The growing list of monogenic forms of neurodevelopmental disease includes mutations in at least 50 genes each encoding a different chromatin regulator. Remarkably, among these are five members of the lysine methyltransferase (KMT) and demethylase (KDM) family of molecules specifically targeting the K4 residue of the nucleosome core histone H3. These disease-associated mutations affect 3 KMTs, MLL1, MLL2, MLL3 and 2 KDMs, KDM5A and KDM5C/JARID1C/SMCX. However, very little is known about the molecular mechanisms by which H3K4-specific KMTs and KDMs regulate brain chromatin structure and function. MLL1, and its homologue, MLL2, are expressed at high levels in a large majority of neurons, but their specific effects on neuronal histone methylation landscapes and genome organization are from a genome-scale perspective still unclear. Here, we will apply conditional mutagenesis to explore the role of MLL1 and MLL2 for neuronal health and function, in conjunction with assays for working and long-term memory, social cognition and other behavioral paradigms. Furthermore, we will study synaptic plasticity, including spike timing-dependent short- and long-term potentiation and depression (sLTP and sLTD) in prefrontal and striatal circuitry of mice subject to neuron-specific methyltransferase deletion. We will apply some of the most innovative approaches in neuroepigenetics, including cell-type specific epigenome and transcriptome mappings in conjunction with chromosome conformation capture assays. We introduce radically novel hypotheses to the field. We propose that in neurons, H3K4 methylation is a mark essential for chromosomal loopings and physical interactions between gene-proximal promoters and distal enhancers, that are separated on the linear genome by thousands of kilobases. The work proposed here is expected to illuminate new principles of epigenetic regulation in the nervous system, and could pave the way for novel therapeutic approaches aimed at common neurodevelopmental and cognitive disorders, including autism and schizophrenia.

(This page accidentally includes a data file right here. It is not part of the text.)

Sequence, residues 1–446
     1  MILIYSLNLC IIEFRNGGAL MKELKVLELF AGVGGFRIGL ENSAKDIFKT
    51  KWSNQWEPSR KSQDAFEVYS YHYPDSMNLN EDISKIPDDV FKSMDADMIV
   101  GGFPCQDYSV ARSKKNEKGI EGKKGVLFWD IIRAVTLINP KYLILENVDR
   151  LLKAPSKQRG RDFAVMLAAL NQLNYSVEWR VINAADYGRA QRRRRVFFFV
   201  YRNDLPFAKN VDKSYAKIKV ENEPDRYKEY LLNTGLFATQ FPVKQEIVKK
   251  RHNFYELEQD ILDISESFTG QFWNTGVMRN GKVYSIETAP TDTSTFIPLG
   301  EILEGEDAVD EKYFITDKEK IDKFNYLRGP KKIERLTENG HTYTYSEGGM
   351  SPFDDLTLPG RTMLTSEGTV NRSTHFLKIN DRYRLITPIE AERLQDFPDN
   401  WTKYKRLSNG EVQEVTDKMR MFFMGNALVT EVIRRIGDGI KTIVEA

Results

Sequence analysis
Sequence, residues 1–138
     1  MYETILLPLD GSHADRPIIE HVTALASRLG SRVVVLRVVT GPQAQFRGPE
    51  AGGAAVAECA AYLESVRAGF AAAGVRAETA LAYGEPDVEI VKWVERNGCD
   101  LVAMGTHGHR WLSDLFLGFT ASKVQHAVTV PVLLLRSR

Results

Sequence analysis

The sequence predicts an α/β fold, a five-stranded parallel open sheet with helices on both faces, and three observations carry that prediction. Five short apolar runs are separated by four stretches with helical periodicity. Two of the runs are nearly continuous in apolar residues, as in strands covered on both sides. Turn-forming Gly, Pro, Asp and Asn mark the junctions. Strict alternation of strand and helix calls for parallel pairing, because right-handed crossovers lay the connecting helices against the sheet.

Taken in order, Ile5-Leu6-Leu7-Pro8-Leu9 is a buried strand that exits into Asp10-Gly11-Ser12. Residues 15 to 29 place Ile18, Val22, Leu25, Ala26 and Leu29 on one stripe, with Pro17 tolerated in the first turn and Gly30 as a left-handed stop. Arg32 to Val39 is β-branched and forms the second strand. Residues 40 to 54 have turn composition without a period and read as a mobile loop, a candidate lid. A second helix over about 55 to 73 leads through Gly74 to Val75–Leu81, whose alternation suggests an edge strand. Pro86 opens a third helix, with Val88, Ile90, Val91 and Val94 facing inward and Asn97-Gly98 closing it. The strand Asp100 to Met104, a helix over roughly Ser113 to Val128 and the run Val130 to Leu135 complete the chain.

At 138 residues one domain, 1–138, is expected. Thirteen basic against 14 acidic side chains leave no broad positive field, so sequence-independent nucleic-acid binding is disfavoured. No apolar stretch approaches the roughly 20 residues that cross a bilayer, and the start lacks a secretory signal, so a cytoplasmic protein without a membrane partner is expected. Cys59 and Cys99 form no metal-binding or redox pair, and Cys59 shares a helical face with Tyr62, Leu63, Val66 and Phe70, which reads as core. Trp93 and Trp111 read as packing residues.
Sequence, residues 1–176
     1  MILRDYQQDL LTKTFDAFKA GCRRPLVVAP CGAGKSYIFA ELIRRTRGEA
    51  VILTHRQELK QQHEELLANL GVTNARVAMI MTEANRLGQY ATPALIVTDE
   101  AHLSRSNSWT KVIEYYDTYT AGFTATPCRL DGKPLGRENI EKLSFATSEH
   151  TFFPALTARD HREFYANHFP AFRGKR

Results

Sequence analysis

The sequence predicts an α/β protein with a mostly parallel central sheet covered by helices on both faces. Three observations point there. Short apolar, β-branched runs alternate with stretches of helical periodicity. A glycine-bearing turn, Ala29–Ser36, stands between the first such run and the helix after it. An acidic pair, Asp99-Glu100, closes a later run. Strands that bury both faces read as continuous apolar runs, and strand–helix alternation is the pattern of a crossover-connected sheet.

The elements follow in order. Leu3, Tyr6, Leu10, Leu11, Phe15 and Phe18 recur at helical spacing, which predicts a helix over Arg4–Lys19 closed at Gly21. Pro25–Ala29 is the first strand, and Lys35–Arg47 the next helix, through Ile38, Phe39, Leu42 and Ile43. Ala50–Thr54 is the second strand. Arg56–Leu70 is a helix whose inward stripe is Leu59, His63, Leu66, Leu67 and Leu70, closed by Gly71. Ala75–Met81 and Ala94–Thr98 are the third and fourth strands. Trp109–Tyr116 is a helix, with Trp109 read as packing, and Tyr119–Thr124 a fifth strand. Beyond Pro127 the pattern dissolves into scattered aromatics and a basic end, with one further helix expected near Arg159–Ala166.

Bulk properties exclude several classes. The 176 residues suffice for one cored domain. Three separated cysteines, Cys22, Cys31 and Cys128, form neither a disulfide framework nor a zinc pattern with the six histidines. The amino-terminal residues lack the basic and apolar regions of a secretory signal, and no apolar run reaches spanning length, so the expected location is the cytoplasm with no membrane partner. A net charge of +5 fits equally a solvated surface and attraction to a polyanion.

Epigenetics is the study of gene regulation and organization that occurs independent of changes in a gene's 'code,' or DNA sequence. Normal brain development and function depend on the right genetic 'switches' being flipped on or off at the right time. This research project's focus is on histone methylation, an epigenetic switch that could play a role in autism and other neurodevelopmental disease.
|Shen, Erica Y; Jiang, Yan; Javidfar, Behnam et al. (2016) Neuronal Deletion of Kmt2a/Mll1 Histone Methyltransferase in Ventral Striatum is Associated with Defective Spike-Timing-Dependent Striatal Synaptic Plasticity, Altered Response to Dopaminergic Drugs, and Increased Anxiety. Neuropsychopharmacology 41:3103-3113|
|Jakovcevski, Mira; Ruan, Hongyu; Shen, Erica Y et al. (2015) Neuronal Kmt2a/Mll1 histone methyltransferase is essential for prefrontal synaptic plasticity and working memory. J Neurosci 35:5097-108|